Be warned; you will fall hopelessly, irredeemably in love with the Korean dramas in this review. With the boom in K-pop, and now K-drama, K-beauty, and K-food, the whole world seems to be riding Hallyu or the Korean wave. Many Korean dramas have gone over the top this year with a slew of incredibly entertaining and captivating romance dramas. In 2023 alone, over 100 shows have been released and 60 out of those 100 are binge-watched daily all over the world. Shows that melt hearts with romantic storylines and on-screen chemistry that put smiles on the faces of special Kdrama fans. We have compiled 5 of the Best Romantic Korean Drama on Netflix and other platforms in 2023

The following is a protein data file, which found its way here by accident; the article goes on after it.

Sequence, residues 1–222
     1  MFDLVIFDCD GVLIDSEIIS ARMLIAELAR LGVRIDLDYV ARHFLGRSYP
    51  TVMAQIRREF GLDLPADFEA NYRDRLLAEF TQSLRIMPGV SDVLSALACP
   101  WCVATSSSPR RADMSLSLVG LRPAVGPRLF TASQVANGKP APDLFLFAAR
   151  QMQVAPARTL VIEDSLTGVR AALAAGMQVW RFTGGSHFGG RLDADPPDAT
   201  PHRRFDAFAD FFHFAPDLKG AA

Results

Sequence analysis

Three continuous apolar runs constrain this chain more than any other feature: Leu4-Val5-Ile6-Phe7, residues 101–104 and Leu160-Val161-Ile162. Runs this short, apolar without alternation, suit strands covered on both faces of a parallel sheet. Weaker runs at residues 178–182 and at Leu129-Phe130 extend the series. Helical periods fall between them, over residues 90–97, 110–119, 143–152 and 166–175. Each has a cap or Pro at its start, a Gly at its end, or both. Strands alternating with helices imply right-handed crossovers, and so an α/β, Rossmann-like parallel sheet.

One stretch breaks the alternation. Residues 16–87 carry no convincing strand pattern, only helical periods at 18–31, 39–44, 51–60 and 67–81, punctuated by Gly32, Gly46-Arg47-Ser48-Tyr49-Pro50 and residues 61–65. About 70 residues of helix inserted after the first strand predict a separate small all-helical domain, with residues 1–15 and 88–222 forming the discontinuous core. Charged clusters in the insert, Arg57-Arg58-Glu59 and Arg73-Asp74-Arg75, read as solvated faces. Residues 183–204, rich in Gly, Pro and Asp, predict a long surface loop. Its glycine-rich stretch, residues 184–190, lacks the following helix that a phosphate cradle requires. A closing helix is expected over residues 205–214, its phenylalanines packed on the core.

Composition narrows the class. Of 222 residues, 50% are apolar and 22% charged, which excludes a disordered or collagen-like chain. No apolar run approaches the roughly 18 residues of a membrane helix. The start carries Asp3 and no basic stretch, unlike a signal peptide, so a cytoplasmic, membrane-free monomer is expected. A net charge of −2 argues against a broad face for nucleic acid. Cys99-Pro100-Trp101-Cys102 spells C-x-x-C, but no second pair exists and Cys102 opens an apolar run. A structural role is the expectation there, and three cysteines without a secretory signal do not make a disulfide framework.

Let’s dig into the top-rated K-dramas of the year with the cutest female leads and hottest Korean actors.
King The Land
Gu Won (Lee Jun-ho), a wealthy heir who shies away from human connections and the warmth of smiles meets smiley Cheon Sa-Rang(Lim Yoon-a), a normal girl whose childhood dream was to work in a hotel. Gu Won is often described as bold, with perhaps only one close friend who truly understands him. Yet, beneath his exterior, there’s more to Gu Won than meets the eye. He carries his own scars.
It is 2015, and a group of ambitious young individuals vie for a coveted one-month internship at the hotel. It’s an in-demand position, with a prerequisite of holding a four-year college degree. Nevertheless, Sa-rang who was one of the applicants throws her hat in the ring. When questioned by Gu Hwa-ran (Kim Seon-young), who oversees the hotel on behalf of her father, King Group chairman Gu Il-hoon (Son Byong-ho), Sa-rang’s responses are sharp and quick-witted.